On Tuesday evening, May 25, Rabbi Yaakov Mizrahi spoke for “Tuesday Timely Torah Talks” on behalf of Chazaq. He was interviewed by Rabbi Yaniv Meirov, Operations Manager of Chazaq.
Rabbi Meirov introduced the lecture with the point that the more you put into something, the more you will get out of it.
Rabbi Mizrahi, well-known speaker, shared that for some people Shabbos is the happiest day of their lives and they wait for it from Motza’ei Shabbos until the next Shabbos. For some people, Shabbos can be a challenge. He noted how, for Arabs, they call their Sabbath, which is on Friday, “the Day of the Week.” He said we should think of Shabbos as the Day of the Week. This involves developing a proper mindset. The more we prepare, the more we will enjoy Shabbos. The more you think about it, the more you will be excited about it. He likened it to a wedding. There is so much preparation before a wedding, and the anticipation builds for the chasan and kallah because of those months of careful preparation. “Shabbos is the happiest day of our life,” he imparted. We need to utilize the weekdays to prepare for it. From Sunday, Shamai would begin buying things in honor of Shabbos and say, “I am buying this item in honor of Shabbos.”
Rabbi Yaniv asked Rabbi Mizrahi how we can elevate our Shabbos experience. Rabbi Mizrahi responded that it’s a day of rest from physical work but we need to use the day for spiritual growth. All brachah we will receive during the next six days emanates from Shabbos. We should try to upgrade our Shabbos by including time for Torah study.
We need to focus and realize our week is Shabbos. “Preparation is the key.”
Next, Rabbi Meirov asked how we can elevate Shabbos meals. Rabbi Mizrahi suggested that a great tip to enjoy Shabbos on a physical level is to have some special food or drink item that is only served on Shabbos. In his home, they drink water all week long, but on Shabbos they bring out all sorts of special drinks. This helps his children to anticipate Shabbos. They are excited and waiting for it. If you have a certain food you like, save it for Shabbos. In this way you are building in an appreciation and desire for Shabbos. Remember that your meal is all about the children. We have the chiyuv that Shabbos will be lasting for generations. It’s an obligation to make sure your children keep Shabbos. “As parents, we have the responsibility to make sure our children will love Shabbos. Give out snacks, gifts, etc. Make sure you are going to light up this table. Prepare stories and sing special songs that the children like. You have to be like an entertainer.” Rabbi Meirov shared that they have a Shabbos party with nosh at his home. Rabbi Mizrahi advised that you should try to come into Shabbos energized. It would be great to take a nap before, so you don’t come in exhausted. Rav Pinchas used to sleep before, so he could come into Shabbos energetic and enlightened.
Rabbi Meirov asked how to balance learning, relaxing, and getting together with family and friends. Rabbi Mizrahi suggested that the main thing is to give attention to your children. Talk to them and get to know them. Long Shabbos afternoons offer this opportunity. Play games with them or watch them playing. Make sure the kids are happy. It is so important for children to feel they receive time from their parents.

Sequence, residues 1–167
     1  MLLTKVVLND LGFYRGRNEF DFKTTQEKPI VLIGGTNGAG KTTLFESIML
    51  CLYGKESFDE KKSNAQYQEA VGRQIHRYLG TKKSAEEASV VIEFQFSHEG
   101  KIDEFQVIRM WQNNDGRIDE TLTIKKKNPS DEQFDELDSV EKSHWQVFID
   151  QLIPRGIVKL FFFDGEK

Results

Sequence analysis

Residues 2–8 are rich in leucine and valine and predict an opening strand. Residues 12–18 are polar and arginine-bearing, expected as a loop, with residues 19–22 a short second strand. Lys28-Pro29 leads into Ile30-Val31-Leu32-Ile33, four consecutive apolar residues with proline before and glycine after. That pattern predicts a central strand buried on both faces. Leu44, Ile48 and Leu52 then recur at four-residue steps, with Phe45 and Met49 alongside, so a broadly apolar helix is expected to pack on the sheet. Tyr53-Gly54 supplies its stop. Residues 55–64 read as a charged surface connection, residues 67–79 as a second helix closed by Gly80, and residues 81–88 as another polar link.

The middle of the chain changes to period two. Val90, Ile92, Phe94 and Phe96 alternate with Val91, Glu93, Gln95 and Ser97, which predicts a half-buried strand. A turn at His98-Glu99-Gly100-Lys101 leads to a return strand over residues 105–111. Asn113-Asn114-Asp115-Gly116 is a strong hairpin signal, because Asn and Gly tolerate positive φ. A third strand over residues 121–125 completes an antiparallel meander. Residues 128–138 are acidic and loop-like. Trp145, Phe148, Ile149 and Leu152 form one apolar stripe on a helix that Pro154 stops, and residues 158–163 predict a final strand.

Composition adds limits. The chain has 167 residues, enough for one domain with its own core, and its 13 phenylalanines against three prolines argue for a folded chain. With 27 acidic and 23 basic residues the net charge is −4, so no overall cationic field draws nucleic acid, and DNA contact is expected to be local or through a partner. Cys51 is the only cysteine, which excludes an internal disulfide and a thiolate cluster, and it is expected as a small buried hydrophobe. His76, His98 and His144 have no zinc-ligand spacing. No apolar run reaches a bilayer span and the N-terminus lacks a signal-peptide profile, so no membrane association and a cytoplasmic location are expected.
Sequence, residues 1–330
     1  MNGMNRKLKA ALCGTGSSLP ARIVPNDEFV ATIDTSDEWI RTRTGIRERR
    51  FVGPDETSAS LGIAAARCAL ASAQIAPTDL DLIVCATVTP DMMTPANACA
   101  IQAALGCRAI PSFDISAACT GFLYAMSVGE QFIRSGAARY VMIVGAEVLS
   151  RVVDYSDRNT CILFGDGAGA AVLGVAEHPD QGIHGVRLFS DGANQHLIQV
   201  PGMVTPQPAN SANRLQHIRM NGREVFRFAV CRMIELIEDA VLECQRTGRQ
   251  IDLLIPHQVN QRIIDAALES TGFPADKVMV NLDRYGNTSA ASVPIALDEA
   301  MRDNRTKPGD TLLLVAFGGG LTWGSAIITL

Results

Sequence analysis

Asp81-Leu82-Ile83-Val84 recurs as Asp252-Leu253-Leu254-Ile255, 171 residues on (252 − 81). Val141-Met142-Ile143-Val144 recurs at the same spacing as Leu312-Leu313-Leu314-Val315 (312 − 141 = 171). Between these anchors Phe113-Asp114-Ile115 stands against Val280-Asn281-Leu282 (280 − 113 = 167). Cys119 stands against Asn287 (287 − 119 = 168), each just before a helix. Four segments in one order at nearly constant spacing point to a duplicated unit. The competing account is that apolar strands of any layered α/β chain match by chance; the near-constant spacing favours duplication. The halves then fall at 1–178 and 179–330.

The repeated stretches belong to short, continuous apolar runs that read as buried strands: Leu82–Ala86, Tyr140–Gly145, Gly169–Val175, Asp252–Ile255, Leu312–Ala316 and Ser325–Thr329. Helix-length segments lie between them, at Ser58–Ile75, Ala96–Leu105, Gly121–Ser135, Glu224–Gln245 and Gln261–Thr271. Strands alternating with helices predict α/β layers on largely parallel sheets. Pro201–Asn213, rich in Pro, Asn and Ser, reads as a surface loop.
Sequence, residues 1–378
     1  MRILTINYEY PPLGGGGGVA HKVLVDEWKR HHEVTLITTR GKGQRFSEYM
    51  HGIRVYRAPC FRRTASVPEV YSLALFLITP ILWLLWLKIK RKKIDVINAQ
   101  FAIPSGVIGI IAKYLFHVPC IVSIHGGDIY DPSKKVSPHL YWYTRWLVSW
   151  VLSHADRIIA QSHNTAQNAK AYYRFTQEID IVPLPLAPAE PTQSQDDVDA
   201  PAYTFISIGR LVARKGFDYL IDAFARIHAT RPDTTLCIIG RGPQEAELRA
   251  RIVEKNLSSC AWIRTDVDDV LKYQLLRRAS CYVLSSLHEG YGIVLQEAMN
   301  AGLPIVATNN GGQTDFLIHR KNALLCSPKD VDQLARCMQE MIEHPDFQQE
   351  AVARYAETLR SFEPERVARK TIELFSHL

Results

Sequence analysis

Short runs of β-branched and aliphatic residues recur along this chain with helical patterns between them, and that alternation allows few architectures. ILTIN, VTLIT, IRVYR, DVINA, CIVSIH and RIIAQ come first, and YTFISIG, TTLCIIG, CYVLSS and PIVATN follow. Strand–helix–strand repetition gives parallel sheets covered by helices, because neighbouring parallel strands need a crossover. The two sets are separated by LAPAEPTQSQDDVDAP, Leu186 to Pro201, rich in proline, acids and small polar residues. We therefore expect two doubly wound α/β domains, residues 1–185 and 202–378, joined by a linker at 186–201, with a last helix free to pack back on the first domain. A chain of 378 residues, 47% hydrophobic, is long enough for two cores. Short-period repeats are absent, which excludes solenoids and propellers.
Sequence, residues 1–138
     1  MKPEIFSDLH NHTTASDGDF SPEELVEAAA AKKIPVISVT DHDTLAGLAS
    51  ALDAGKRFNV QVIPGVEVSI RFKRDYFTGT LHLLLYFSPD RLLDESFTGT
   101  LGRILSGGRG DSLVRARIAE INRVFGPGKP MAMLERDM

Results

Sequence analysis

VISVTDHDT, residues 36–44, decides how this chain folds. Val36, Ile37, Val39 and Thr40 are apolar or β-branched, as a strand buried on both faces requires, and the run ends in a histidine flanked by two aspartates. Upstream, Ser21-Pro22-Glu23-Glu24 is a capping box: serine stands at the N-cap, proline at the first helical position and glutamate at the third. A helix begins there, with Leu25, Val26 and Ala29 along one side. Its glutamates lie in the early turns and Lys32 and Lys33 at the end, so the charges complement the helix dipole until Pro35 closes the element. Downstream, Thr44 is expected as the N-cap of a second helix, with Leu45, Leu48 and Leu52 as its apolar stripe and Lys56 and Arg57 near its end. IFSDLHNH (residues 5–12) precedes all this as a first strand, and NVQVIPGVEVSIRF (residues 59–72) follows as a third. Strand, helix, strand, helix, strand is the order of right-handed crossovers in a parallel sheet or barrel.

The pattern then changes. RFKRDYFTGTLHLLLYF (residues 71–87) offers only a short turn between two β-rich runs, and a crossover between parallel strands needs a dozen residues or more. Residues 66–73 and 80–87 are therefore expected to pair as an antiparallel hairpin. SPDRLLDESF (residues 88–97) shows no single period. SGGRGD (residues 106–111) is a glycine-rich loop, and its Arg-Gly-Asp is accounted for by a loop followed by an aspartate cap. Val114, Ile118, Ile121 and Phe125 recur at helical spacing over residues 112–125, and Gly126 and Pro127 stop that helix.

He taught that Moshe received the Torah on Shabbos, which was the seventh day of Sivan. He pushed off receiving it on Erev Shabbos because he was preparing for Shabbos on Friday. This teaches us about the importance of preparing for Shabbos.
Next, Rabbi Mizrahi taught that Shabbos is a gift from Hashem. We see this because Hashem says, “I have a gift for you from my treasure house.” Shabbos is a gift. It is something we gain from and no harm can come from a gift. This means it’s impossible to have any loss from keeping Shabbos.
Every time we recite one particular line in the Shabbos Amidah we are thanking Hashem for the gift of Shabbos. The line we recite four times states: “Baruch Atah, Hashem, m’kadeish haShabbos.”
Rabbi Mizrahi shared a story about a famous rav who was on his death bed. He stood in front of the Heavenly throne and asked for an extension of life. He said that he was working on a peirush on the Yerushalmi. They said, “That’s beautiful, but someone else can do it.” Then he said, “I have a special fund for orphans and widows.” They said, “That’s beautiful, but someone else can do it.” Then he said, “I prepare my Shabbos table on Thursday night.” For that, they said that he could have an extension of life. Preparing for Shabbos ahead brought him more life. We see that it demonstrates a bond and connection to Hashem.
Rav Shach prepared his wife’s Shabbos candles on Motza’ei Shabbos for the following Shabbos. Every day, we should think about Shabbos. Just as we count towards the giving of the Torah, we count towards Shabbos, too.
This beautiful shiur can be viewed on www.TorahAnytime.com.
By Susie Garber